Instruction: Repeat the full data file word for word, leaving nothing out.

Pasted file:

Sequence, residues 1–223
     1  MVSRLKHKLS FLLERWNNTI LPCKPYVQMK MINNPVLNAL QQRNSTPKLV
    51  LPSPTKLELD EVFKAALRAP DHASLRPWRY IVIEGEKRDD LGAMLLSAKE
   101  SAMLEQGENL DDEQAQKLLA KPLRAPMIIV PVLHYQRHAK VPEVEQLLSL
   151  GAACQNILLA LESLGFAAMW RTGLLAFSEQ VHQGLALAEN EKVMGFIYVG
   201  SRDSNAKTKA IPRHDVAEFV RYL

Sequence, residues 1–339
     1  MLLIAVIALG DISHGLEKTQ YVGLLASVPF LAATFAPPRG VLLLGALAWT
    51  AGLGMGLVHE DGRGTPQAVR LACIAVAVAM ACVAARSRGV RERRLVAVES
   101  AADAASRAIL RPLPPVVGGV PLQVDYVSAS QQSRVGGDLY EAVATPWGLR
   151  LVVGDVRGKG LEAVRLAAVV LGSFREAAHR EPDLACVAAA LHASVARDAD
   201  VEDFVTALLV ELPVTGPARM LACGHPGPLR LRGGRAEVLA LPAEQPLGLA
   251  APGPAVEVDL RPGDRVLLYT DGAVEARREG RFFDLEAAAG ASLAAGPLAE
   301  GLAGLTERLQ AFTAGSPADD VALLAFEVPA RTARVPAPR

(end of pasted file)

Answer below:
Sequence, residues 1–223
     1  MVSRLKHKLS FLLERWNNTI LPCKPYVQMK MINNPVLNAL QQRNSTPKLV
    51  LPSPTKLELD EVFKAALRAP DHASLRPWRY IVIEGEKRDD LGAMLLSAKE
   101  SAMLEQGENL DDEQAQKLLA KPLRAPMIIV PVLHYQRHAK VPEVEQLLSL
   151  GAACQNILLA LESLGFAAMW RTGLLAFSEQ VHQGLALAEN EKVMGFIYVG
   201  SRDSNAKTKA IPRHDVAEFV RYL

Sequence, residues 1–339
     1  MLLIAVIALG DISHGLEKTQ YVGLLASVPF LAATFAPPRG VLLLGALAWT
    51  AGLGMGLVHE DGRGTPQAVR LACIAVAVAM ACVAARSRGV RERRLVAVES
   101  AADAASRAIL RPLPPVVGGV PLQVDYVSAS QQSRVGGDLY EAVATPWGLR
   151  LVVGDVRGKG LEAVRLAAVV LGSFREAAHR EPDLACVAAA LHASVARDAD
   201  VEDFVTALLV ELPVTGPARM LACGHPGPLR LRGGRAEVLA LPAEQPLGLA
   251  APGPAVEVDL RPGDRVLLYT DGAVEARREG RFFDLEAAAG ASLAAGPLAE
   301  GLAGLTERLQ AFTAGSPADD VALLAFEVPA RTARVPAPR